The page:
Yes, if you want to keep your bike in Honduras for more than 90 days (renewable for another 90 days in Tegucigalpa) without taking it out of the country for four days and then returning for a new 90 day permit, you need to formally import it and register it in Honduras (or another C-4 country).
You will probably need a tramitador to handle this for you, though I have done it myself with minor help. You should ask your friends around Roatan for who they recommend.
You will need two RTN cards. One is to pay the import taxes, the other is for your vehicle registration. These are taxpayer ID cards. There are requirements for obtaining these cards, but a tramitador with the right connections can make things happen (yes, a little $ helps).
Import taxes on a motorcycle over 250cc are 10% plus 12% plus 5% road fee. But the fun part is that the 12% is paid on the vehicle value plus the 10%. So you pay the 10% tax and then you pay 12% tax on the vehicle and on the 10% you already paid.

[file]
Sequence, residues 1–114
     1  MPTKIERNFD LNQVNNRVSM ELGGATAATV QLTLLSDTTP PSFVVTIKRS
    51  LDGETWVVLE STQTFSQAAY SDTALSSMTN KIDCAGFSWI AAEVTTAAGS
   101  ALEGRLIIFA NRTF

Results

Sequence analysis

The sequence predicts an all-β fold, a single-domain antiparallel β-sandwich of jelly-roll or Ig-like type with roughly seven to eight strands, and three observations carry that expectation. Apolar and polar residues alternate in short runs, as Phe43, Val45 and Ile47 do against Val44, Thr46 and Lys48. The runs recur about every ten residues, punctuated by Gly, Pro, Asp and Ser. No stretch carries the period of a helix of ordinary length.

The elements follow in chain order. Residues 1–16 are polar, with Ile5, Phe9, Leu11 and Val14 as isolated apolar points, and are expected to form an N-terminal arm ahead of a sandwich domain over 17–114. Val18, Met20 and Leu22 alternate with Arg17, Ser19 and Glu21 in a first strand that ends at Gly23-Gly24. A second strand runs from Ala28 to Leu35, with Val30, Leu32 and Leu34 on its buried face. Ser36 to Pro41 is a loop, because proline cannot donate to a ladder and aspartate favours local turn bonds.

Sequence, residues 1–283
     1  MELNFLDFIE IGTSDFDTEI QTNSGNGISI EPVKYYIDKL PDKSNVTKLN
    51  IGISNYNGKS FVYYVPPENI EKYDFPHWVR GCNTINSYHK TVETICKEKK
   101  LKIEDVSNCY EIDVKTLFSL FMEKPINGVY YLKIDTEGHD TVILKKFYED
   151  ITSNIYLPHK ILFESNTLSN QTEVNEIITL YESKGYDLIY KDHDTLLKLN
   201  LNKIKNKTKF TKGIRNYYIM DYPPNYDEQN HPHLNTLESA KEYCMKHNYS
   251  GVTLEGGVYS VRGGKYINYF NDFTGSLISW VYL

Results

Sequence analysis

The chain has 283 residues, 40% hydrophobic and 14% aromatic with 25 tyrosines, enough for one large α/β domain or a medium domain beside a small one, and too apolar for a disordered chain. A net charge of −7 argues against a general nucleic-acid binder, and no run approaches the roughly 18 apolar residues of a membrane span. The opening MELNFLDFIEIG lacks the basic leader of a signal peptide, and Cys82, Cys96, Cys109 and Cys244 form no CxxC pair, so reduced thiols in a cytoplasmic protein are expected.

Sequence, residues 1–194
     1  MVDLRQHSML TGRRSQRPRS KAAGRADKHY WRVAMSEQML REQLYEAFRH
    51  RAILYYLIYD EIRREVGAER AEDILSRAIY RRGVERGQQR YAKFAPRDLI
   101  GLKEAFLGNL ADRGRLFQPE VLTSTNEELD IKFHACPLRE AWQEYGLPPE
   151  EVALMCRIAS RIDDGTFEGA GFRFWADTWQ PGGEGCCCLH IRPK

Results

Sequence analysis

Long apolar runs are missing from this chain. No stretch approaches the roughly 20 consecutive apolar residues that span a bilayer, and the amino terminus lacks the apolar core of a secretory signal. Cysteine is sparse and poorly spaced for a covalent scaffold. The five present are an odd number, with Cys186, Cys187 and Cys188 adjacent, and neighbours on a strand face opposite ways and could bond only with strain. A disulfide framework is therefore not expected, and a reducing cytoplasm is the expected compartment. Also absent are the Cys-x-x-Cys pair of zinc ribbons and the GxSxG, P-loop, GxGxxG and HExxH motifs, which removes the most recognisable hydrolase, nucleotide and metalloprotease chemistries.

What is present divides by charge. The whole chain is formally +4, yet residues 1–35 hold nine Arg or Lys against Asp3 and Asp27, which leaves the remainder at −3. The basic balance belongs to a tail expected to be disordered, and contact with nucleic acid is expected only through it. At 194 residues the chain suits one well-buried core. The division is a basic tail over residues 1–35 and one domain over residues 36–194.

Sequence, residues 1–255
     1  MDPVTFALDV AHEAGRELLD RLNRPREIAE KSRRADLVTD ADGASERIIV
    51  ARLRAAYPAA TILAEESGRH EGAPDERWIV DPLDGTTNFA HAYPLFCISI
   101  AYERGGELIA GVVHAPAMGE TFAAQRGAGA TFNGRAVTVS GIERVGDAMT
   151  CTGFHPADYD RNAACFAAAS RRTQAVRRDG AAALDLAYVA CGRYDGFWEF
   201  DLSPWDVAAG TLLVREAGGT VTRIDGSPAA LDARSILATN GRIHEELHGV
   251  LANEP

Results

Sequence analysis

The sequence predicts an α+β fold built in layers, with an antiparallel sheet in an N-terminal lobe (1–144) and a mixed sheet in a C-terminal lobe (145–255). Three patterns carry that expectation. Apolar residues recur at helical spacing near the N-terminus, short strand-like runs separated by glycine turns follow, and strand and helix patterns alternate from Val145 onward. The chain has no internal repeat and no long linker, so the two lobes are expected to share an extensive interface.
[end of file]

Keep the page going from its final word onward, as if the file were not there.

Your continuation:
But the worst part of the system is that DEI (tax office) has their own values on each vehicle in their computer which may or may not have any relationship to its true market value. And first you have to pay an initial tax which is not refundable, and only after you pay the initial tax will they tell you what the total tax is, and then you make this second payment.
I have imported a Ducati, two Cagiva Gran Canyons, a GasGas FSE, and a Honda XR650R. Each time I have paid around $600 U.S. import tax, but I have often had to fight to get DEI or customs to compromise on a valuation.
You will also need to purchase a poliza form, which costs $120 U.S. plus an additional $22 U.S. filing fee.
There will be a physical examination of the bike's serial #s by DEI.
Lots of lines and trips to the bank to pay fees.
The better news is that once the bike is imported, annual taxes and registration fees are easily paid at the bank and are nominal.
If you run into difficulties, let me know.